"The No. 1 comment I'm hearing right now from manufacturers in northeast Indiana is that 5 percent to 10 percent of jobs are going unfilled because of lack of skilled workforce," said Matt Bell, president of Corporate College, a unit of Ivy Tech Community College of Indiana, the nation's largest statewide community college system.

All 26 Ivy Tech campuses across the state teach certificate courses in manufacturing skills, such as computer-aided manufacturing, welding and tooling.

Bell estimates that the state needs about 40,000 to 50,000 manufacturing workers right now to meet the uptick in production.

Corporate College graduated about 25,000 students last year from its manufacturing and business courses.

Given Indiana's running shortage of skilled factory workers, Bell said manufacturers are importing workers from other states such as Ohio and Michigan.

At Fort Wayne Metals Research, business has also picked up. The company has added 200 workers over the past two years.

"Our forecast is to add another 100 workers this year, too," said Mark Michael, the company's president and chief operating officer.

But the hiring process is long and arduous.

"In May we accepted 129 applications and we screened those down to 40," said Michael. "We administered three industry tests to the 40 and four people passed."

All four were offered a job, and only one accepted, he said. "These statistics are not unusual at all among manufacturers here," he said.

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The part about skilled workers, A: They don't offer training ? How does one become skilled without the training. Something wrong with this article, 40 tested, 4 passed, what did they wast their money on in the so called school they paid for ?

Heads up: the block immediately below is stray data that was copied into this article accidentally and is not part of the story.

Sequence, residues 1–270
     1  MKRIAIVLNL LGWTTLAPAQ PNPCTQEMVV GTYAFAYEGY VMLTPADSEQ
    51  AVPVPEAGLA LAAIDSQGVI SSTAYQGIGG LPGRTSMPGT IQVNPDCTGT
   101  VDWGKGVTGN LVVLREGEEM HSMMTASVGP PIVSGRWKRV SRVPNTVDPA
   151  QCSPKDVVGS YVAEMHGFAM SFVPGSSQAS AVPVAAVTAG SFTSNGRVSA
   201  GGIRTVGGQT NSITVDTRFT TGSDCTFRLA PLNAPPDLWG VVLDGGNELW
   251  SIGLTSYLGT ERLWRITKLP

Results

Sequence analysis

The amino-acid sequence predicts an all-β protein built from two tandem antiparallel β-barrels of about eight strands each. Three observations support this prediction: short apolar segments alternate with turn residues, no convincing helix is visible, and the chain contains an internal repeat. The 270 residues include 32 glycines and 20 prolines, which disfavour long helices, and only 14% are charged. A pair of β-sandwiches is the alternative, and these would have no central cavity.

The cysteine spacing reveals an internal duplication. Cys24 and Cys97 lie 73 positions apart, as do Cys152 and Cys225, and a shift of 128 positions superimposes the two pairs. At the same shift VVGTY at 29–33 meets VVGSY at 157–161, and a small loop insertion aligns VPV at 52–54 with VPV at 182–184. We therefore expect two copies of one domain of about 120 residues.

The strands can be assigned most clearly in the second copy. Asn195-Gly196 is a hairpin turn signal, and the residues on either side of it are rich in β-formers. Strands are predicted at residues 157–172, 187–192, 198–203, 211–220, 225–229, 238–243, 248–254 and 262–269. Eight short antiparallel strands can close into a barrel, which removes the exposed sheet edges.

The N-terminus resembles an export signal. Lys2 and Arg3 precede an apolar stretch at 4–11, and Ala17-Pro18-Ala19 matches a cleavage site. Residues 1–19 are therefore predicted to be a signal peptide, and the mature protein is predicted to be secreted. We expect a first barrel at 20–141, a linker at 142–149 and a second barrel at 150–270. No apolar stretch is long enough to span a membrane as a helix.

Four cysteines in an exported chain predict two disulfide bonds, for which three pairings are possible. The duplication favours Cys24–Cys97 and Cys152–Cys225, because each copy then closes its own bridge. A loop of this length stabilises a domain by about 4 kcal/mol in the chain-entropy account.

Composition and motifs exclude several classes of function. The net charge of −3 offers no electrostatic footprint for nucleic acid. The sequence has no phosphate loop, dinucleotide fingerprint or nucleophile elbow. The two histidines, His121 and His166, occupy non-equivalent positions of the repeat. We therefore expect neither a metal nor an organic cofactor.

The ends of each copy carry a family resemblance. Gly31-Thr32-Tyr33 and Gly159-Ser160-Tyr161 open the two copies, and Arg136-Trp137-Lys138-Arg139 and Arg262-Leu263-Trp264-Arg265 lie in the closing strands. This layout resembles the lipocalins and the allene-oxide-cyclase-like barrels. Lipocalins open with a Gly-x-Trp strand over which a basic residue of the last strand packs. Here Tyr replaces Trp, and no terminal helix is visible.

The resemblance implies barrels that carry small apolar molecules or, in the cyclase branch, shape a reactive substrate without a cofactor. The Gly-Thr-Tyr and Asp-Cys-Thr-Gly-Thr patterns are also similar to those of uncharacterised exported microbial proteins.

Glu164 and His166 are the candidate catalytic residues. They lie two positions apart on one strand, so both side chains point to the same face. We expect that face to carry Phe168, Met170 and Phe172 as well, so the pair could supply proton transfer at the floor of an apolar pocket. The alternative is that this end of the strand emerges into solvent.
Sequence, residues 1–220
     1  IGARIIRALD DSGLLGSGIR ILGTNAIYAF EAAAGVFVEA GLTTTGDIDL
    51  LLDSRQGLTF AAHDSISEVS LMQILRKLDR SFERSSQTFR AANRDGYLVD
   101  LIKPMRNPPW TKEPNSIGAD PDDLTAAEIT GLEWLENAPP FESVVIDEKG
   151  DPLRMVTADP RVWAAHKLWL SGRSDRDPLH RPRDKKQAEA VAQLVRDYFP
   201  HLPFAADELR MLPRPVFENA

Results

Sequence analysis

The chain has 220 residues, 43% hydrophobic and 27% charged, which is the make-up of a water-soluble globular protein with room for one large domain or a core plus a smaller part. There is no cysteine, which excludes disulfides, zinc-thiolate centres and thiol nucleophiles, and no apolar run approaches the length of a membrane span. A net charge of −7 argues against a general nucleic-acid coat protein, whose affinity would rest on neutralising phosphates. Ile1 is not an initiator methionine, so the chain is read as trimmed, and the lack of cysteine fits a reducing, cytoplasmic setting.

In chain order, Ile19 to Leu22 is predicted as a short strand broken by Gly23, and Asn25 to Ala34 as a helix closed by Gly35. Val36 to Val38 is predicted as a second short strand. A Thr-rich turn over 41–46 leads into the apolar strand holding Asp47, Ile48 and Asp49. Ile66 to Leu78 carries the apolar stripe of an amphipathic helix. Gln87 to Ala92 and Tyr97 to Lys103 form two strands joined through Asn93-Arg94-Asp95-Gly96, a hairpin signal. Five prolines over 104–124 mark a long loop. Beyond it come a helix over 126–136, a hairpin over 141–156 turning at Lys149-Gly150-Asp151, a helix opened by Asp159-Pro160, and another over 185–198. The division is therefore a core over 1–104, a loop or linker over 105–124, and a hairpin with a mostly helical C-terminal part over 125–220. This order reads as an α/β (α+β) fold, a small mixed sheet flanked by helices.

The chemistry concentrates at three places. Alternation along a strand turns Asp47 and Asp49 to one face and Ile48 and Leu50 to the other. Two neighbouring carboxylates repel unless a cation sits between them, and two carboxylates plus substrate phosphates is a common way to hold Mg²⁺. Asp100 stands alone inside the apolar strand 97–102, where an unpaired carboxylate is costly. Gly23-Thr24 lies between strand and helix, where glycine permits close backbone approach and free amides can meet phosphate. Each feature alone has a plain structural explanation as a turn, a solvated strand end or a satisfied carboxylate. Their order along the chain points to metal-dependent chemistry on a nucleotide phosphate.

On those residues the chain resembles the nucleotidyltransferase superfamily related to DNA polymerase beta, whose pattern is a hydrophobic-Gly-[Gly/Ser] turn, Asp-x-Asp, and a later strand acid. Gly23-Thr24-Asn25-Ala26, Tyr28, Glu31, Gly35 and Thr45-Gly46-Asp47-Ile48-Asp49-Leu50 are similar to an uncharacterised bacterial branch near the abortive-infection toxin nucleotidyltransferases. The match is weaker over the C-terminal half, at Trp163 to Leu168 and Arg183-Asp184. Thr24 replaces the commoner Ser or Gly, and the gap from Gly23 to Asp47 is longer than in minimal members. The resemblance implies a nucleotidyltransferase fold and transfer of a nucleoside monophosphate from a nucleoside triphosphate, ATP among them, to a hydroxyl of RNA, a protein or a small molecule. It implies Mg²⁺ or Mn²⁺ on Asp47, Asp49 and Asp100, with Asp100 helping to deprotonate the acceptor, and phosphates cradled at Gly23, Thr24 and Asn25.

August 10 2012 at 4:57 PM Report abuse rate up rate down Reply

Sounds like this company needs to hire someone new to replace the guy doing the hiring, because this guy sounds like a real idiot.

August 08 2012 at 9:58 PM Report abuse rate up rate down Reply

With the major cut coming in 2013 in the defense industry these people will have a place to look and finding new employment.

August 08 2012 at 9:43 PM Report abuse rate up rate down Reply
Tom M.

Love this part:
"Applicants are failing drug tests," she said. "Some apply and then decide they want to wait until their unemployment benefit runs out before taking a factory job."

I guess this is part of the "working class" the politicians keep talking about. LOL.

August 08 2012 at 4:29 PM Report abuse +1 rate up rate down Reply

And during the first 3 yrs of the recession, maybe they should have throught twice before laying off that 50 plus yrs age group with the intellectual property of years under their belt go in the first place.